by Mitch Kokai
Senior Political Analyst, John Locke Foundation
Gene Epstein of Barron’s explains why it won’t be easy to erase the federal government’s debt.
Those who deny that soaring debt can ever be a worry for the U.S. often point out that this debt is denominated in the same U.S. dollars the Fed has the ability to print. Ergo, there needn’t be defaults on that debt. In this case, as [former Federal Reserve Chairman] Greenspan affirms, the debt deniers are quite right—except they should worry more, not less. Funding the debt by running the printing press would be like pouring gasoline on a fire.
For politicians, if a problem is unlikely to assume crisis proportions during their tenure, then it will be left to future politicians to deal with. This après moi le déluge attitude has marked the approach to soaring debt of George W. Bush, Barack Obama, and Donald Trump. There is little reason to believe that Trump’s immediate successors will do things any differently.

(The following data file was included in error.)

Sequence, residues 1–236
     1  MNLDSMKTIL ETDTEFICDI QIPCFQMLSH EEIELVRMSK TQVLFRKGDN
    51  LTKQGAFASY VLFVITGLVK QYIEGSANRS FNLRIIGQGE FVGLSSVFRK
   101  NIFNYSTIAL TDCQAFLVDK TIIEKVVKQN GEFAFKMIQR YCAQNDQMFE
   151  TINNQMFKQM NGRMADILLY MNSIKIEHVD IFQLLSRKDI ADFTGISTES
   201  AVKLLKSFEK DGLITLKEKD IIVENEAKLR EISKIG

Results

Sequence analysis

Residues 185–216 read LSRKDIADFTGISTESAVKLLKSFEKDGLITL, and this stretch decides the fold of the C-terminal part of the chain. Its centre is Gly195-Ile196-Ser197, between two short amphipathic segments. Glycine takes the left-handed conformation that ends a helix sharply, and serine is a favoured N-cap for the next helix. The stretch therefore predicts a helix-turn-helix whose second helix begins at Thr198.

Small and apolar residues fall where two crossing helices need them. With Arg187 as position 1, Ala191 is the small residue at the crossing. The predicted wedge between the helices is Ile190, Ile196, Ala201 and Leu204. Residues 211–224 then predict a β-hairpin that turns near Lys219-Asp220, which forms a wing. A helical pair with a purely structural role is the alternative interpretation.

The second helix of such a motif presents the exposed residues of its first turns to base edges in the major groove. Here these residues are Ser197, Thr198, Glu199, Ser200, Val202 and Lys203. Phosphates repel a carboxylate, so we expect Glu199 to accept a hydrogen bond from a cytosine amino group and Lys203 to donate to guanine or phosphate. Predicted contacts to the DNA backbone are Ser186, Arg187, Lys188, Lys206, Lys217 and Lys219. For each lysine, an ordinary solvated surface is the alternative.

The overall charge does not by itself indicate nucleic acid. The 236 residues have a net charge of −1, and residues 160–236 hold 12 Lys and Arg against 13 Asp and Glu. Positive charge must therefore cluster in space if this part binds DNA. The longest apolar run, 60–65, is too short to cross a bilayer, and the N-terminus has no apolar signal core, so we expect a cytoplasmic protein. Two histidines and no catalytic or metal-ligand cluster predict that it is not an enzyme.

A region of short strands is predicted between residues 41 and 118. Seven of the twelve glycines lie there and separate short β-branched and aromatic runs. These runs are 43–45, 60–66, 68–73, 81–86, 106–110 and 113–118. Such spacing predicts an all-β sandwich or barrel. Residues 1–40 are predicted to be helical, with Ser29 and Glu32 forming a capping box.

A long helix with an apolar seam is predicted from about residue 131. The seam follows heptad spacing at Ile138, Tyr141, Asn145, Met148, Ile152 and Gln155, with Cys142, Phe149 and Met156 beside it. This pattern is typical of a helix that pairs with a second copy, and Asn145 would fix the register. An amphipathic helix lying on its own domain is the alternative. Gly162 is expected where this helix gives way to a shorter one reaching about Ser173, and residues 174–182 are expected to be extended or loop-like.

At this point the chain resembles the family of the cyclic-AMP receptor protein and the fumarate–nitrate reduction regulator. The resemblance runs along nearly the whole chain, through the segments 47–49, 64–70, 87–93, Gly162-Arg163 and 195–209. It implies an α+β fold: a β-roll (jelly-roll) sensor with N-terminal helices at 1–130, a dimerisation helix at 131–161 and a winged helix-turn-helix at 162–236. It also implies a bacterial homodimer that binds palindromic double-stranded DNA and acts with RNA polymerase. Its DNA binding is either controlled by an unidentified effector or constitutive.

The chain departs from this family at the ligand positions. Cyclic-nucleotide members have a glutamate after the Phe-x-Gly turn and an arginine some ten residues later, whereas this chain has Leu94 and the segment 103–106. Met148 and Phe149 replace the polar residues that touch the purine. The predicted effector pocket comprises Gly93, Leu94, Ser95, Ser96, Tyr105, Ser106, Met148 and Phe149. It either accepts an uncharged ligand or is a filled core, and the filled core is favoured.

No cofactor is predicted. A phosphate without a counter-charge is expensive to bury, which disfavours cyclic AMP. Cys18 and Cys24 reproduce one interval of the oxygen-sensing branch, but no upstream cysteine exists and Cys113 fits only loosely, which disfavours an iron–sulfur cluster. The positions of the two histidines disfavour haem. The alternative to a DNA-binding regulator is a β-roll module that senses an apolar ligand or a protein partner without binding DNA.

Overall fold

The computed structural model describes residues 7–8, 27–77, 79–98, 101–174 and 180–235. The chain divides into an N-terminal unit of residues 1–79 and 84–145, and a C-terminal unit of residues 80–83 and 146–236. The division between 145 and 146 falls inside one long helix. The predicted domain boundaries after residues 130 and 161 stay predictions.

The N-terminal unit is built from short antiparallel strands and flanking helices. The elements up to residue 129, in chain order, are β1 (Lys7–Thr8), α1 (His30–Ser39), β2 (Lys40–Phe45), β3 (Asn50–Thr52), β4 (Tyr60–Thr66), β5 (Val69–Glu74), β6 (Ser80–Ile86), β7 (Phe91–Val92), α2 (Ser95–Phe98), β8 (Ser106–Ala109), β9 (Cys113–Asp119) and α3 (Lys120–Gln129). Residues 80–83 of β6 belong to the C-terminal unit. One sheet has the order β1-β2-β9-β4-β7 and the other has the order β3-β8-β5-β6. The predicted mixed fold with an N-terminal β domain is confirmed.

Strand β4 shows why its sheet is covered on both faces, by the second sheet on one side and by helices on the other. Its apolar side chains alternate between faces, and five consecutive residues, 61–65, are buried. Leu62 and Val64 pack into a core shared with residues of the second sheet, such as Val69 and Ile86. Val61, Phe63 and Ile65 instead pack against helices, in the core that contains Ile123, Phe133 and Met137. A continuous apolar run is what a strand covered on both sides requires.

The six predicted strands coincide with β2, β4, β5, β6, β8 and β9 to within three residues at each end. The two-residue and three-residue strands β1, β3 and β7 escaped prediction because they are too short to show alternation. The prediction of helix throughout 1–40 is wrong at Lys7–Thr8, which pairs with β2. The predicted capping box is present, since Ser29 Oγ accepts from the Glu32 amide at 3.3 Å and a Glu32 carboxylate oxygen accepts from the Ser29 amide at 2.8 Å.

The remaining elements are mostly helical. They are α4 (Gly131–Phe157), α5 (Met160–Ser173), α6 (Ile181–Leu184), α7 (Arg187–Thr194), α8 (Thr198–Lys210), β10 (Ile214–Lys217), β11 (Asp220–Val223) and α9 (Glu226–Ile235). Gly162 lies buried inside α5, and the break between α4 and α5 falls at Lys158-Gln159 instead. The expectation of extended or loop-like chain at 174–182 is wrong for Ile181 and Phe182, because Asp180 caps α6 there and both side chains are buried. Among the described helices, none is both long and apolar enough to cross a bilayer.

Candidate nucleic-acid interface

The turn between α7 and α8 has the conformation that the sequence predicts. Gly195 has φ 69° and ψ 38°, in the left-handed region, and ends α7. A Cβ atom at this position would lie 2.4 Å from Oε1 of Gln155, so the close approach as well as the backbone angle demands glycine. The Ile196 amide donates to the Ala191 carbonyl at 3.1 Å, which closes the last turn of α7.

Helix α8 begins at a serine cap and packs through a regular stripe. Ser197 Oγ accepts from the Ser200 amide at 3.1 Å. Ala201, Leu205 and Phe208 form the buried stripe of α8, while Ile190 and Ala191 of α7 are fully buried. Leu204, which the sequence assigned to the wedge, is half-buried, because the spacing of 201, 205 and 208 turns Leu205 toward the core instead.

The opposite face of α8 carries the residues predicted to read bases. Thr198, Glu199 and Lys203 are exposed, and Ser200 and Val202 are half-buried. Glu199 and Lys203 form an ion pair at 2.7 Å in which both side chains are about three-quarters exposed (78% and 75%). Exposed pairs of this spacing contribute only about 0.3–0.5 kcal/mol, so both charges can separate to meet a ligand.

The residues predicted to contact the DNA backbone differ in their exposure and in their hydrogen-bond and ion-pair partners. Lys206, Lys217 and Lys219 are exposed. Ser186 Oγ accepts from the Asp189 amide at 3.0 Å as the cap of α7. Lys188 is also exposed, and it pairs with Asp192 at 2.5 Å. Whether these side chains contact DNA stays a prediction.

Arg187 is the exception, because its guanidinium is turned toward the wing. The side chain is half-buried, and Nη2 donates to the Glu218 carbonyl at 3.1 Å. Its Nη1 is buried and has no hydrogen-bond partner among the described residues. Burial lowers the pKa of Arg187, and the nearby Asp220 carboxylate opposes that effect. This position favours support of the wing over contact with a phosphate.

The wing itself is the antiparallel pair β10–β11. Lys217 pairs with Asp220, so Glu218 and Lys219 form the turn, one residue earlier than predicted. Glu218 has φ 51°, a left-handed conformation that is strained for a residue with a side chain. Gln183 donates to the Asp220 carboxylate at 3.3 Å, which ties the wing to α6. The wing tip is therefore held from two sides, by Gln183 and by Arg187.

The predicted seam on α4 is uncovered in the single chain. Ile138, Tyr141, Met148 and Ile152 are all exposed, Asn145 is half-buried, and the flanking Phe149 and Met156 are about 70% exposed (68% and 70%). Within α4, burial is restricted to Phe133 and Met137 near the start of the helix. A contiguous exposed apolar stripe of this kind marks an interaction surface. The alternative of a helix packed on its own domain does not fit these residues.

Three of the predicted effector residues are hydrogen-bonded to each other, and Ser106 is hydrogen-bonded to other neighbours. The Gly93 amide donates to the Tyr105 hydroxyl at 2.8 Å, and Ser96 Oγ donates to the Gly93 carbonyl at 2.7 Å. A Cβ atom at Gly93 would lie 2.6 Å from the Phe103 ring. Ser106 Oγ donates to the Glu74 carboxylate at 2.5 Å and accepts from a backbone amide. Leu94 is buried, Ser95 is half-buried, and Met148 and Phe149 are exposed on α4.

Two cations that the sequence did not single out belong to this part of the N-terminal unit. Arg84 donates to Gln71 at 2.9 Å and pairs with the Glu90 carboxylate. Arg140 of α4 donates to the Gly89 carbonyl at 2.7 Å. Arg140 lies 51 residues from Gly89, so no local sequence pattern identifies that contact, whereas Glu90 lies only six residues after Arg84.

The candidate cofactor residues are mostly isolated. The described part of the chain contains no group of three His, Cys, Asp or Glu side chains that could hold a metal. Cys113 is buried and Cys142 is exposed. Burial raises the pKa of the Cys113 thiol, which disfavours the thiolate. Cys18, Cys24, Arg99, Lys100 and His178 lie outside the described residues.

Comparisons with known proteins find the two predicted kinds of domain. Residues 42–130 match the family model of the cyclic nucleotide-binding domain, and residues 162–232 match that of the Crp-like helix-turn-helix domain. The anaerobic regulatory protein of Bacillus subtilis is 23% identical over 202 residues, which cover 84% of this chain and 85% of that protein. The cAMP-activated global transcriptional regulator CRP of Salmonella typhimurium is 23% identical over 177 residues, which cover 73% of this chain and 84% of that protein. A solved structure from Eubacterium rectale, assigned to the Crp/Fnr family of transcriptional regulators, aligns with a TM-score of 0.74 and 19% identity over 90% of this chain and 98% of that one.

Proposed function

That brings us to 2030, by which point yearly deficits of $1.5 trillion-plus will become the norm, as what Greenspan refers to as the “tsunami” of soaring costs hits the federal budget. And when the Treasury Department has more debt than it feels it can handle, it will pressure the government’s first responders—the central bankers—to buy ever-larger portions of that debt with printed money.
Will the resulting monetary expansion bring a jump in the inflation rate? Skeptics might point out that there seems to have been plenty of monetary expansion over the past decade, and yet price inflation didn’t seem to respond. But one key factor that has subtly curbed inflation has been the disinflationary effects of cheap labor from abroad. As Greenspan notes, by 2030, the “post-cold war wage-price disinflation” will have mostly played out. Then, too, the monetary spigots will be gushing at a far faster rate than anything seen so far.